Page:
Ringling is Making a Change. These 3 Other Companies Should, Too.

When Ringling Bros. & Barnum & Bailey circus announced it would be phasing out elephants as part of circus entertainment, it was a huge win for these animals and animal activists. The nearly 100-plus-year-old circus company announced on March 5 that it would retire all of its elephants and send them to a sanctuary in Florida by 2018. Currently, the company has 13 touring elephants that spend 11 months out of the year on the road.

The news is monumental, as the company — as well as other companies that use animals as entertainment — has come under fire over the years for cruel training practices. Elephants not only have to spend their entire lives touring, but are also subjected to painful bull hooks and unnatural “tricks” that are all part of their training.

While Ringling Bros. retiring its elephants is a big win, there are still many companies out there that continue to use animals in cruel ways. We can only hope that this news will set an example for the following businesses.

Sea World

The past few years have seen nothing but bad press for Sea World, which has been in business since 1959. There had been a number of issues related to Sea World for years, but what set everything in motion was the death of trainer Dawn Brancheau in 2010 by Sea World Orlando orca, Tilikum. Three years after Brancheau’s death, the documentary Blackfish was released, where it was uncovered that there was much more going on within the Sea World organization. Brancheau wasn’t the first person Tilikum killed, either. The now-33-year-old orca previously killed two other people, in 1991 and 1999.

With all the bad press and blood on its hands, you would think Sea World would change its format and retire its animal performers. Instead, Sea World is in the process of building larger orca tanks. A Band-Aid for a bullet wound.

Take action: Tell Sea World: Free Tilikum from Captivity

Michael Kors

The designer has had quite the resurgence in the past few years. In 1993, Kors filed for bankruptcy, then waded back into the fashion industry in the early aughts. He worked his way up, using a stint on “Project Runway” to solidify his place in the industry. Now, it’s hard to leave your house without seeing a purse, coat, sunglasses and more emblazoned with his name. This success comes with a downside, however, with Kors using animal fur in many of his designs. He’s proven his success with his personal fortune reaching up to $1 billion, so we don’t think he’ll lose any followers if he ditches the fur.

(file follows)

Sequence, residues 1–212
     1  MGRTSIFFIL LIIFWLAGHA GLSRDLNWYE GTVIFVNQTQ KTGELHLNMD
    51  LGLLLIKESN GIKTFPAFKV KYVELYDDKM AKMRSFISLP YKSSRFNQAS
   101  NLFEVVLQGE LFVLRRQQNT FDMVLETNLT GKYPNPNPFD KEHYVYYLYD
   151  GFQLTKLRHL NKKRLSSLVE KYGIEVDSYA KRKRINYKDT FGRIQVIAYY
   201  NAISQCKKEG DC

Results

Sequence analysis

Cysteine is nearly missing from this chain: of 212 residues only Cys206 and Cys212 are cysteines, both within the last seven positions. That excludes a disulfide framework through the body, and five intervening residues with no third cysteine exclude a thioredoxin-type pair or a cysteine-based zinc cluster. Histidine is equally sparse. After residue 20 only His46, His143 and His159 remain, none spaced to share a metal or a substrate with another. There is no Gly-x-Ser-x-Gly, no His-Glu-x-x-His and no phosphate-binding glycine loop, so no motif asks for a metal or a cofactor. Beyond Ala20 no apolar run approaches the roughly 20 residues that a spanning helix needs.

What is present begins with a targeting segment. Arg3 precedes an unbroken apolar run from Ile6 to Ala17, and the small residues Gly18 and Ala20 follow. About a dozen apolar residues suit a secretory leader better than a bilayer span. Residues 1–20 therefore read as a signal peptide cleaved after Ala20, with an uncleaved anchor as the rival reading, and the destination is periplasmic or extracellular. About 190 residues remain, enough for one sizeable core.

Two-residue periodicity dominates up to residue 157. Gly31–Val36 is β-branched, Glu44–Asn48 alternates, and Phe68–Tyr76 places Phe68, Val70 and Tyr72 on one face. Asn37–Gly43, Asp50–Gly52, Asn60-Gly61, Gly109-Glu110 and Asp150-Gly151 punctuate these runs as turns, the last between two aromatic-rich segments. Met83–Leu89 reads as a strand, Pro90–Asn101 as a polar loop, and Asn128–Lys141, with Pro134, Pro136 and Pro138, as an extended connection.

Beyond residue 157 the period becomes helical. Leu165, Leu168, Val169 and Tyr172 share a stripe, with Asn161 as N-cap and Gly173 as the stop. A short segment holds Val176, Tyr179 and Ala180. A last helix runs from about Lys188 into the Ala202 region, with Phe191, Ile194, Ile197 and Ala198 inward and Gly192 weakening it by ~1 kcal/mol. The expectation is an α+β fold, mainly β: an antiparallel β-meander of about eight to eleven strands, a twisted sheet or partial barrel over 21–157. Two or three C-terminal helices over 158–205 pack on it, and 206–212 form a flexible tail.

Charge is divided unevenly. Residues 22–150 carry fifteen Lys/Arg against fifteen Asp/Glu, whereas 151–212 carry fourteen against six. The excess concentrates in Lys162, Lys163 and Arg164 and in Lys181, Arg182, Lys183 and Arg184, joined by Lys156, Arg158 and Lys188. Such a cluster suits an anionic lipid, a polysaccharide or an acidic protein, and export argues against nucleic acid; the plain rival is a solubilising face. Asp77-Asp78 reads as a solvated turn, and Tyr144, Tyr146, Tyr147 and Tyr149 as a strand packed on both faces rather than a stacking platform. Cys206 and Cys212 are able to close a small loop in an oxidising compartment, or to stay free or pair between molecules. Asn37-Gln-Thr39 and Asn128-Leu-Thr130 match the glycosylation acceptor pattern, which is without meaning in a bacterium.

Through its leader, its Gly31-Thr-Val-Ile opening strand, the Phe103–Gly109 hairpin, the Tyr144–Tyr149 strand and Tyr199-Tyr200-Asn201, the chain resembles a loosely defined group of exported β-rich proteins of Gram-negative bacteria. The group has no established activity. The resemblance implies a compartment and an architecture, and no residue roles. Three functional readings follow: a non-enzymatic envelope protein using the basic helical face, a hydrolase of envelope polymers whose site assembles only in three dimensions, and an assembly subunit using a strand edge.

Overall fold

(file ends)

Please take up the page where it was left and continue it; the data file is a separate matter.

Animal Racing

The Kentucky Derby draws in millions of viewers and is known for attendees’ elaborate hats. Racing horses for sport, however, isn’t as exciting for the animals. Like circus elephants, horses are put through cruel training procedures and pumped with performance-enhancing drugs. If the horses aren’t profitable for their owners, they are slaughtered.

The same thing happens in the dog racing industry, where not only the dogs are treated in cruel ways, but live bait is used in torturous training methods. In addition to killing these small animals, the dogs are kenneled nearly their entire racing careers. The only time they are let out is to race and train. Many times, they have to fight each other just to eat. Like horses, when the dogs are either no longer profitable or not profitable at all, they are oftentimes slaughtered.

The Other Ringling Animals

Sadly, elephants aren’t the only animals that are a part of Ringling Bros. circus act. The company uses tigers, lions, horses, zebras and llamas as part of the show. These animals are just as deserving as the elephants to retire and live a life without performing.

 

Photo Credit: Laura Bittner

50 comments

Siyus Copetallus
Siyus Copetallus2 years ago

Thank you for sharing.

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Past Member 2 years ago

TY

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Teresa W.
Teresa W2 years ago

signed

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Teresa W.
Teresa W2 years ago

Lorraine is right.

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Paulinha Russell
Paulinha Russell2 years ago

Petition already signed, shared. Thanks

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sandra vito
Sandra Vito2 years ago

gracias

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Jane Billham
Jane Billham2 years ago

I fail to see why the use of elephants in the circus needs to be phased out over a three year period. Take them out of the ring, and put them in a sanctuary. End of story. That should not take more than a few months, never mind three years.

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.2 years ago

arigato

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 .
.2 years ago

arigato

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Past Member 2 years ago

Thanks

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